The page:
Applications are now open for the 2014 Australian Antarctic Arts Fellowship.
Each year the Australian Government offers accomplished arts, social science and humanities professionals the opportunity to travel to Antarctica under the Fellowship program, managed by the Australian Antarctic Division.
The Division’s Strategies General Manager, Jason Mundy, said that the aim of the program was to promote, to a broad audience, the uniqueness of Antarctica and Australia’s important research, conservation and management endeavours there.
“Through the Australian Antarctic Arts Fellowship program we have enabled some outstanding Australian artists, writers and performers to travel south, and are keen to encourage others to follow in their footsteps,” Mr Mundy said.
This year’s Fellow is John Kelly, renowned for his paintings and large sculptures of William Dobell’s cows. Mr Kelly returned this week after spending two months in Antarctica, visiting Australia’s Casey, Davis and Mawson stations. During that time, he completed a number of works and wrote a blog of his impressions of life and work in these remotest of locations.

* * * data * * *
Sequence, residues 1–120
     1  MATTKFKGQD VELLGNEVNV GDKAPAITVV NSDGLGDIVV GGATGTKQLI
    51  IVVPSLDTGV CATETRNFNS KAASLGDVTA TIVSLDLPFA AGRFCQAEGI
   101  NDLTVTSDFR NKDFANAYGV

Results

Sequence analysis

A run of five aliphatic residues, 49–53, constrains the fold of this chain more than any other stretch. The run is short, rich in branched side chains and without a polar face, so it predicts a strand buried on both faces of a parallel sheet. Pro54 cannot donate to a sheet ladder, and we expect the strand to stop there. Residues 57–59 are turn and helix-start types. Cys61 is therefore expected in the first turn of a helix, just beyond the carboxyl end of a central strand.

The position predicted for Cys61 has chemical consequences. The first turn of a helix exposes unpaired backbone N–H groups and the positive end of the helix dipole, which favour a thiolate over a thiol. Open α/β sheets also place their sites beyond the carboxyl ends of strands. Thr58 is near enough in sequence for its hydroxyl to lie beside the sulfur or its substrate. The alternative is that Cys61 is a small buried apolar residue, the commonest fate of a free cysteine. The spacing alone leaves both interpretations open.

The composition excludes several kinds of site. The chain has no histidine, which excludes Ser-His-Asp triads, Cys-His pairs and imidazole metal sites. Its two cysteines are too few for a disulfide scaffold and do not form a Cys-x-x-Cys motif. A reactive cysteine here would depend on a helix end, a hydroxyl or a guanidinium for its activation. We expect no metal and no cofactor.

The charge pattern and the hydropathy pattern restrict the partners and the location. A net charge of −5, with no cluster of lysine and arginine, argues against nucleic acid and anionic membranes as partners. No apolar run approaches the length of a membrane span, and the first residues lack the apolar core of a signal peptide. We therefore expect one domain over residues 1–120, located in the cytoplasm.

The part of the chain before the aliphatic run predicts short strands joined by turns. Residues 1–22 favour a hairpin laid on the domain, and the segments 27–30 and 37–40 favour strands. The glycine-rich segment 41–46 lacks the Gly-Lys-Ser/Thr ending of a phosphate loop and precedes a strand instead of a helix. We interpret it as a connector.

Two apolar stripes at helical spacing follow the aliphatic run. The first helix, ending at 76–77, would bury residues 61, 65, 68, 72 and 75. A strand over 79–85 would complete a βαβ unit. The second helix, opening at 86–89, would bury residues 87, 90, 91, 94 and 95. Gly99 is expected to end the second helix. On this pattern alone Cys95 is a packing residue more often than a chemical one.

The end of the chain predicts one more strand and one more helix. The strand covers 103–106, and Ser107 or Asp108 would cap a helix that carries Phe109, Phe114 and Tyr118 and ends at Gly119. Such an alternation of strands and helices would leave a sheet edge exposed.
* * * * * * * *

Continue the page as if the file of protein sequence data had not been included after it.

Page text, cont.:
Mr Kelly said having the opportunity to write and create his art in Antarctica was inspiring.
“The sights I saw were just spectacular. Painting on the sea ice at Mawson – there are no words – just soaking up the feeling of space. It made me feel truly alive standing in that wonderland.
“I hope in sharing this experience, people will be better aware of Australia's involvement on this amazing and beautiful continent,” Mr Kelly said.
In 2011, author Jesse Blackadder used her Fellowship to research her historical novel, Chasing the Light, about Ingrid Christensen, the first woman to see Antarctica, and the children’s book Stay.
“The Arts Fellowship opened a whole new professional pathway for me. I went to research my historical novel, and returned with another identity as a writer of children’s fiction.
“My Antarctic experience was personally enriching, while professionally I came away with the unexpected bonus of some wonderful material for a children’s book. I am so grateful for the opportunity and urge any artist to apply,” Ms Blackadder said.
The Fellowship and its predecessor, the Antarctic Humanities program, have been running since 1985. Other previous Arts Fellows include writer Tom Griffiths, visual artist Stephen Eastaugh, sound artist Philip Samartzis, dancer Tina Evans and children’s authors Coral Tulloch and Alison Lester.
Applications can be submitted online.
The closing date is 30 March, 2014.